On June 8, a group of students from Poston Butte High School in San Tan Valley got together for an odd demonstration: a fake school shooting. The goal was to teach the students about the criminal justice system and the different people who work in it.
When a man in a ski mask ran into the school’s atrium and pretended to fire a fake gun, the kids kept their distance. Four volunteers who were playing people who had been shot were covered in fake blood. The Pinal County Sheriff’s Office searched the room, and a team of EMTs came to help.
Pinal County Attorney Kent Volkmer said, “There are a lot of resources coming together, and it’s really in the best interest of the kids.”
At the Youth CSI Summer Camp, put on by the Pinal County Attorney’s Office, about 50 high school students got a close look at jobs in law enforcement. People from all over the country came to learn about different parts of a criminal case over the course of three days.
Volkmer said that the goal of the program is to help students “understand how the justice system really works” and get them interested in a job in law enforcement.
After a rough school year in Arizona, school union leaders and the district hope to move on.
The program is in its second year. It started when Poston Butte teacher Kayla Kully made a forensic science class.
Kully, whose background is in law enforcement, said that her course gives students who are interested in crime scene analysis “hands-on” experience. Kully’s class has been taken by a lot of the campers. The Youth CSI Summer Camp gives more Pinal County kids outside of Poston Butte the chance to learn about forensics.
The tweet below verifies the news:
Pinal County teens explore law enforcement careers during three-day summer camp https://t.co/BqkBoYv5Zc
— azcentral (@azcentral) June 10, 2023
The summer camp started on Wednesday with a class that taught the kids the basics of forensics. After the fake killing on Thursday, they looked around the school for clues. The sheriff’s deputies then caught a suspect and questioned him. On the last day of camp, there was a practice trial at the Pinal County Superior Court. Some of the campers played the roles of lawyers and judges.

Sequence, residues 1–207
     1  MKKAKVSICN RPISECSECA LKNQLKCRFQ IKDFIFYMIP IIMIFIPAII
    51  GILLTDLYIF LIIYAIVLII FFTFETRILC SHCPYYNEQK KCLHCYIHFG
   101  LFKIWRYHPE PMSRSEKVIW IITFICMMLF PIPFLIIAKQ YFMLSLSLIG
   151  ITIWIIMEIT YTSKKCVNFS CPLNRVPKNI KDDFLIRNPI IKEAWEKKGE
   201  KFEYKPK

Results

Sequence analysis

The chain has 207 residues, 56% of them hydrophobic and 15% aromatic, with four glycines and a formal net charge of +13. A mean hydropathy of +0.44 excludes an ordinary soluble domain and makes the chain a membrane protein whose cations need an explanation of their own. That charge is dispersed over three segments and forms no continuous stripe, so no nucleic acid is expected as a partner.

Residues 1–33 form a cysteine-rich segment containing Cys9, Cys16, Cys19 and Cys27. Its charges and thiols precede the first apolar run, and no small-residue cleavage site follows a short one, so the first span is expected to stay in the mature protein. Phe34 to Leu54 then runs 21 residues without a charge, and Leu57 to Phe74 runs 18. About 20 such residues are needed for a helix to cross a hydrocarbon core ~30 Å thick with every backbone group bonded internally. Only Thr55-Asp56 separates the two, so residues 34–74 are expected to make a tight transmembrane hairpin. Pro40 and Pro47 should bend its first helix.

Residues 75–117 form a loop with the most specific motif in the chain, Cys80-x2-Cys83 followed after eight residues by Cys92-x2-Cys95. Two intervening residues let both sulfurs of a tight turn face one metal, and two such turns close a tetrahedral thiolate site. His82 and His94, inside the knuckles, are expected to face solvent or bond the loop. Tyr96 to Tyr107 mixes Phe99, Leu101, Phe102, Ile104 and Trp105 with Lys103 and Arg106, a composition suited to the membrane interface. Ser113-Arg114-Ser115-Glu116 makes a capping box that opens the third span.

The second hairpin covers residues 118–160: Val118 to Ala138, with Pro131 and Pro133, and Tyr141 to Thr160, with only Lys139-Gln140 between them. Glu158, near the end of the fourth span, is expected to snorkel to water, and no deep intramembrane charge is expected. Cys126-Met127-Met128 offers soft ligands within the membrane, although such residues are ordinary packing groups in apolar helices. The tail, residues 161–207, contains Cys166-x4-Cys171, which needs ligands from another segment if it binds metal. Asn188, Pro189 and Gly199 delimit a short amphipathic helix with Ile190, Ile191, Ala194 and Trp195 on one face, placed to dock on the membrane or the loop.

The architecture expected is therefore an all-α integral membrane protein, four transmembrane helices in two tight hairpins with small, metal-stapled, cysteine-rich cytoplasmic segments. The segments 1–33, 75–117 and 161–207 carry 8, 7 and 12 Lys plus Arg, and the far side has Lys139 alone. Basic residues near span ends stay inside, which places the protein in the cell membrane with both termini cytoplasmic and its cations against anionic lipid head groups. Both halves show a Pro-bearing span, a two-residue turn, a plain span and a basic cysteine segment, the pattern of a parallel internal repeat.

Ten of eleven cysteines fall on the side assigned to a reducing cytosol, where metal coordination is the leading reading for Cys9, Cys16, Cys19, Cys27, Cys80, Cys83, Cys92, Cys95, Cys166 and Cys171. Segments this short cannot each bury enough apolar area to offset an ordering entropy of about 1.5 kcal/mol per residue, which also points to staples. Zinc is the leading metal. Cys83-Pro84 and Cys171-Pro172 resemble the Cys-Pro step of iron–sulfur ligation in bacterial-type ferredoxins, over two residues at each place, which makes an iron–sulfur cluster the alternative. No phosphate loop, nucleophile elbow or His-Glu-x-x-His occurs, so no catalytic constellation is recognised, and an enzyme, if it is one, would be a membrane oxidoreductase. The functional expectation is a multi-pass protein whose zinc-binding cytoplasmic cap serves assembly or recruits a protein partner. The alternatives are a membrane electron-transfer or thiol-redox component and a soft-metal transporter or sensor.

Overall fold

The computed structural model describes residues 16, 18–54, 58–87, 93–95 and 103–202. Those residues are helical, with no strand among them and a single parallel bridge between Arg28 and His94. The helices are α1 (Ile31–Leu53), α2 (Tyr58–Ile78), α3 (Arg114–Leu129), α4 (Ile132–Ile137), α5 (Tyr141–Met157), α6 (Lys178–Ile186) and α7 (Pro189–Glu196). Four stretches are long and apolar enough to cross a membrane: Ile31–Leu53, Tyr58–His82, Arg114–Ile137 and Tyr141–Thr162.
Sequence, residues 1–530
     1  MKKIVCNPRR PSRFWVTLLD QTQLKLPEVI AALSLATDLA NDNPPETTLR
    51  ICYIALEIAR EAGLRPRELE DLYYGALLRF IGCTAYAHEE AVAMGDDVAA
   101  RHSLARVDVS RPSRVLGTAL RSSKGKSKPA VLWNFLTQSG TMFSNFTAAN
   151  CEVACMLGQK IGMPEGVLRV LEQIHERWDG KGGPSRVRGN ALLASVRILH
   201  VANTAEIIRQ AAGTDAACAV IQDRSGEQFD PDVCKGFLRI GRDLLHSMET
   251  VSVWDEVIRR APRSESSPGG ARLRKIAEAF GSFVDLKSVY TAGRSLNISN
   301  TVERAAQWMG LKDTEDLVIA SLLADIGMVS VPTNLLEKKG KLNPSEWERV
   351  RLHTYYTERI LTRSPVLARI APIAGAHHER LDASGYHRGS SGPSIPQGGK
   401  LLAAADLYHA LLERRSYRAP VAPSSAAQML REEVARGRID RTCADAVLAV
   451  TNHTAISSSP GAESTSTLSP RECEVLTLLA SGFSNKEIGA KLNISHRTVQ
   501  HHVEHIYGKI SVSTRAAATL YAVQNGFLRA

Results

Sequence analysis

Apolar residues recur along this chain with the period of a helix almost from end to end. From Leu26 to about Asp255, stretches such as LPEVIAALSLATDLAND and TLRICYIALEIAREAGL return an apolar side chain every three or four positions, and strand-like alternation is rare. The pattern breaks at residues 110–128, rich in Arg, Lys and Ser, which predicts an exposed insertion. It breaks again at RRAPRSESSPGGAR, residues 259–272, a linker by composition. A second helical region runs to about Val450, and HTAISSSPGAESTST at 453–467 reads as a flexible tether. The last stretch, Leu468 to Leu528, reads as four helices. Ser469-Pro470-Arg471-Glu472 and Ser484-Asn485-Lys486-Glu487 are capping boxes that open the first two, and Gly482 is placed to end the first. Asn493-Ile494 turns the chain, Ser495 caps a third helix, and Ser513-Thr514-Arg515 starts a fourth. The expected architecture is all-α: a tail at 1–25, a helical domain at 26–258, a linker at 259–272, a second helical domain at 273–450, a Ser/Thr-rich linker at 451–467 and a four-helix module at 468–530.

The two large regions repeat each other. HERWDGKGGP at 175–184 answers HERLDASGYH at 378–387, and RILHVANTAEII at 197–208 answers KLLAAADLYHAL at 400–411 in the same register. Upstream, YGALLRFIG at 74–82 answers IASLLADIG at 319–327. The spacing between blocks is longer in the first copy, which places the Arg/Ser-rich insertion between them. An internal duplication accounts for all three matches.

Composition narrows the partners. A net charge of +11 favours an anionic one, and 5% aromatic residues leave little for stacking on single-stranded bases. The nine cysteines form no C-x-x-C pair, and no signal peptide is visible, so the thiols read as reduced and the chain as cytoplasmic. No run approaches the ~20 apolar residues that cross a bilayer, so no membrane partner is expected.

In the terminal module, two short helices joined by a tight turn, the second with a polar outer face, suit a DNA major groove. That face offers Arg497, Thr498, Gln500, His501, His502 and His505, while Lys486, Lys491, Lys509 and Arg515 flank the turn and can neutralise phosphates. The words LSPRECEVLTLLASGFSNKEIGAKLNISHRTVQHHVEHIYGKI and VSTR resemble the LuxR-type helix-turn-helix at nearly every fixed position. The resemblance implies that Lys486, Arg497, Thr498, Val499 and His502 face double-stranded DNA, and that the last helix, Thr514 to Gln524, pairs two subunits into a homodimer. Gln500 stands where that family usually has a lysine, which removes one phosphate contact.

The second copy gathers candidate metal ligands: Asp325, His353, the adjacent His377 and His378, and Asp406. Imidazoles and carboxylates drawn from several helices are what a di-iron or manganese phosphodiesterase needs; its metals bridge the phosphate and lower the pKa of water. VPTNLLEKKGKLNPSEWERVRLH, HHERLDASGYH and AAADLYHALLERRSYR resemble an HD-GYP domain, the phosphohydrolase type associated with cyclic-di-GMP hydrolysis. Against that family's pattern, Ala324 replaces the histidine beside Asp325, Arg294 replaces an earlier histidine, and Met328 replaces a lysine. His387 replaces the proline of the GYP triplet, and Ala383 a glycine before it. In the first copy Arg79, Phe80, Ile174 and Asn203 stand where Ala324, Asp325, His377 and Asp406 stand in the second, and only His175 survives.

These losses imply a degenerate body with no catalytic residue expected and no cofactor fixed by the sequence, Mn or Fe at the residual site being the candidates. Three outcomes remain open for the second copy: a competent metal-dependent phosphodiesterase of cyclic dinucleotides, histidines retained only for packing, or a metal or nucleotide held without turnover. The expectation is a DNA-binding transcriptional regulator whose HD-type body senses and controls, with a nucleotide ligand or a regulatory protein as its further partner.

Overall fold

Volkmer said that it would usually take between 18 months and 3 years for a case like this to go to trial, but the students only had to wait a day to see witnesses take the stand. The fast-paced schedule helps people understand the many responsibilities of jobs in law enforcement.
“I want kids to understand what’s involved in a job like that before they decide to do it,” Kully said.
Cody Daer, a Pinal County Sheriff’s Office youth officer, came back to the summer program this year. He said that it has shown him how law enforcement works from different points of view. He said that one day he wants to be a K-9 cop.
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This is the first time the camp has put on a school killing. Last year, the show looked at a situation where a drug deal led to gun violence. Kully said that her kids can relate to the school shooting scenario because they have done active shooter drills a lot.
“Having a shooter inside a school is a very sensitive situation,” Kully said. “But that’s how things are in 2023.”
Students could talk to a certified counselor, Laura Wood, about what they had just seen and felt while collecting forensic evidence for the trial. She said that stressful events can change someone’s daily life in many ways.
Wood said, “You don’t have to be shot to have trauma.”
On the last day of the class, a group of students decided that the defendant was guilty on all four counts.
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